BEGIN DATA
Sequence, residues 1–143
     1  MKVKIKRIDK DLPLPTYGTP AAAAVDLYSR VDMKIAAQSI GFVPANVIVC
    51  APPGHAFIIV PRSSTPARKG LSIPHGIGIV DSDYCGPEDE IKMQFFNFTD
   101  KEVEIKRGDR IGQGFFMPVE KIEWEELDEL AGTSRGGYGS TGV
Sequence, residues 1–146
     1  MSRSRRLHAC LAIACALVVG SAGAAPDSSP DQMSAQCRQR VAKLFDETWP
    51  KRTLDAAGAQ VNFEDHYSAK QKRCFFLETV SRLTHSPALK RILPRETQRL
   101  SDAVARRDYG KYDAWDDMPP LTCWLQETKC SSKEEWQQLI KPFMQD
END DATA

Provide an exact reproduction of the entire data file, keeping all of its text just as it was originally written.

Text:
Sequence, residues 1–143
     1  MKVKIKRIDK DLPLPTYGTP AAAAVDLYSR VDMKIAAQSI GFVPANVIVC
    51  APPGHAFIIV PRSSTPARKG LSIPHGIGIV DSDYCGPEDE IKMQFFNFTD
   101  KEVEIKRGDR IGQGFFMPVE KIEWEELDEL AGTSRGGYGS TGV
Sequence, residues 1–146
     1  MSRSRRLHAC LAIACALVVG SAGAAPDSSP DQMSAQCRQR VAKLFDETWP
    51  KRTLDAAGAQ VNFEDHYSAK QKRCFFLETV SRLTHSPALK RILPRETQRL
   101  SDAVARRDYG KYDAWDDMPP LTCWLQETKC SSKEEWQQLI KPFMQD